Significant technology-related disruption often seems to appear suddenly. Rapid change can impact people’s lives in ways that can’t be predicted.
Large impact events are small specks on the horizon now but could loom large in a few years. It’s interesting to look at those distant threats and opportunities and guess which will become permanent.
What are the biggest disruptions that are likely to persist?
The announced restructuring of General Motors’ North American manufacturing facilities is a harbinger of change in an industry on the front lines of disruption.
The most immediate change comes from electrification. Conventional automobile manufacturing is complicated due to the complexity of the internal combustion engine. General Motors, Ford Motor Company, Bavarian Motor Works (BMW) and Toyota Motor Corporation all have the word “motor” in their name and the motor is their biggest challenge.
Conversion to electric drive and battery power, which GM’s CEO referenced in her announcement, is disruptive for incumbents. A September 2018 Forbes article states that there are 20 moving parts in the drivetrain of an electric car versus 2,000 parts in an ICE vehicle.
The impact on car dealers could be existential. The new Tesla has two maintenance requirements — every two years it’s suggested to replace the brake fluid and every four years the battery coolant system needs attention. And that’s all, other than rotating the tires and topping up the windshield washer fluid. This is a nightmare for car dealers as more than 80% of their profit comes from maintenance tasks related to the engine. One report claims that dealers could be out of business in a decade!
“The average cost of maintenance and repair on a gas-powered car is just over $1,000 per year, or seven cents per kilometre.”
In the U.S. more than 300 million vehicles need to be maintained so that’s $300 billion annual revenue at risk.
Autonomous, driver-less cars have potential to disrupt, when they arrive. For most North Americans their personal automobiles are parked (stored) at considerable expense for more than 20 hours per day. With advanced technology the auto utilization rate could change dramatically. Two-car families could own one car. Ride-sharing could reduce the need for personal cars. Parking lot space could be released for better uses.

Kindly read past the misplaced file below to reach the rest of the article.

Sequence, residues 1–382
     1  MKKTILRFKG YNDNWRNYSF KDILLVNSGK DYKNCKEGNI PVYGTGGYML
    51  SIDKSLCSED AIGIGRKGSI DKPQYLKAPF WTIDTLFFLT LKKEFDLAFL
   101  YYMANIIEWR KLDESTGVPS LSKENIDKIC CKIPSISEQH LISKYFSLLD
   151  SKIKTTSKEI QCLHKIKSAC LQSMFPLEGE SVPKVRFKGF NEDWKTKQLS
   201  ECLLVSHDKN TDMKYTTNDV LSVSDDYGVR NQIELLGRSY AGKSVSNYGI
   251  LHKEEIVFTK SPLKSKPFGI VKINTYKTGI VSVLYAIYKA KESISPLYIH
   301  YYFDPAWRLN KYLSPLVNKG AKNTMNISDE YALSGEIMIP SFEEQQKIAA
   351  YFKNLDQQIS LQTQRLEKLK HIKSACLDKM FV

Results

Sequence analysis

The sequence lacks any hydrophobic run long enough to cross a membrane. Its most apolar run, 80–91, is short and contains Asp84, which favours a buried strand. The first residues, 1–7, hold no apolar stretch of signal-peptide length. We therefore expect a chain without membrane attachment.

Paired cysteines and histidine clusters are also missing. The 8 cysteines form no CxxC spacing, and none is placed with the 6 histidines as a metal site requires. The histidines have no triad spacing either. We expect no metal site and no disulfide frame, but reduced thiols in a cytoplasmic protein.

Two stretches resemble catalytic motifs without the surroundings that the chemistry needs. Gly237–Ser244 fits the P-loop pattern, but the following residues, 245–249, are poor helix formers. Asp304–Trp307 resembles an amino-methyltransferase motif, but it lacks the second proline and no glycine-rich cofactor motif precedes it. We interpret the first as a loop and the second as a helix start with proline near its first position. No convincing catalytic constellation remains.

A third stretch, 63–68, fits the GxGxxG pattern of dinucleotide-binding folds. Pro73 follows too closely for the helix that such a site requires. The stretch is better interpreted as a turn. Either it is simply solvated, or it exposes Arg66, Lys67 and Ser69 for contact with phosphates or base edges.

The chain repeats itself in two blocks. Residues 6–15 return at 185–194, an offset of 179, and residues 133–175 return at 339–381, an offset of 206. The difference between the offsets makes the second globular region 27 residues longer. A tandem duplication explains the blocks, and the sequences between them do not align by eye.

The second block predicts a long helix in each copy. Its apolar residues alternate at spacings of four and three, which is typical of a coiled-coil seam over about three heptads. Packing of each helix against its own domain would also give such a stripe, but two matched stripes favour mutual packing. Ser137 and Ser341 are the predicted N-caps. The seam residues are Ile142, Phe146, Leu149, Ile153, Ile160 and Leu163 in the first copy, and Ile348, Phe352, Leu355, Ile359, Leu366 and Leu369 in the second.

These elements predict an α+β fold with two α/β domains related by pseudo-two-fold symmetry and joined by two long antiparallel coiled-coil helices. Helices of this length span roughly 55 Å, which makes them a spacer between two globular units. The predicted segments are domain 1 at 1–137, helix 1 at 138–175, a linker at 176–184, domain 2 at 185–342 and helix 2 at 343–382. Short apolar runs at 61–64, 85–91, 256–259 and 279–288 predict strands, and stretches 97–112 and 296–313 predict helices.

Here’s downtown Houston showing generous land allocation for storing cars:
Source: The Guardian and Alamy
More electric vehicles will lead to lower fuel usage. Of 18 million barrels of crude consumed daily in the U.S., about ½ is used in cars and light trucks. If only 1/3 of the fleet goes electric, fuel demand would decline by 3 million barrels per day, leading, perhaps, to an oil surplus. If highway trucks go electric, as Tesla is promoting, the impact could be even greater.
Source: Tesla, Inc.
The switch to online shopping is gaining momentum during the 2018 holiday sales season. Global online sales average about 8.8% of total sales in 2018, with China one of the highest online users at 16.6%, while the U.S. and Canada are just average. Forecasters say that global online sales will double to $4.5 trillion by 2021.
It’s interesting to imagine the full impact on the amount of land needed for shopping malls. Space will be freed up for new purposes, such as conversion to residential housing.
New ways to access to entertainment are disrupting the pay television industry. Cable television “cord cutting” is gaining momentum while online streaming services are exploding in popularity. According to one report there will be 33% more people dropping pay TV services this year than last.
Movies are available through the internet from services like Netflix. Many millennials watch their favorite movies and shows only on their smartphones.
Investment valuations reflect these new realities. Shares of Tesla, Netflix and Amazon continue to trade at very expensive levels, reflecting investors’ belief that these trends will endure.
More cautious investors are waiting for lower share prices to establish a position in these leaders of disruption.
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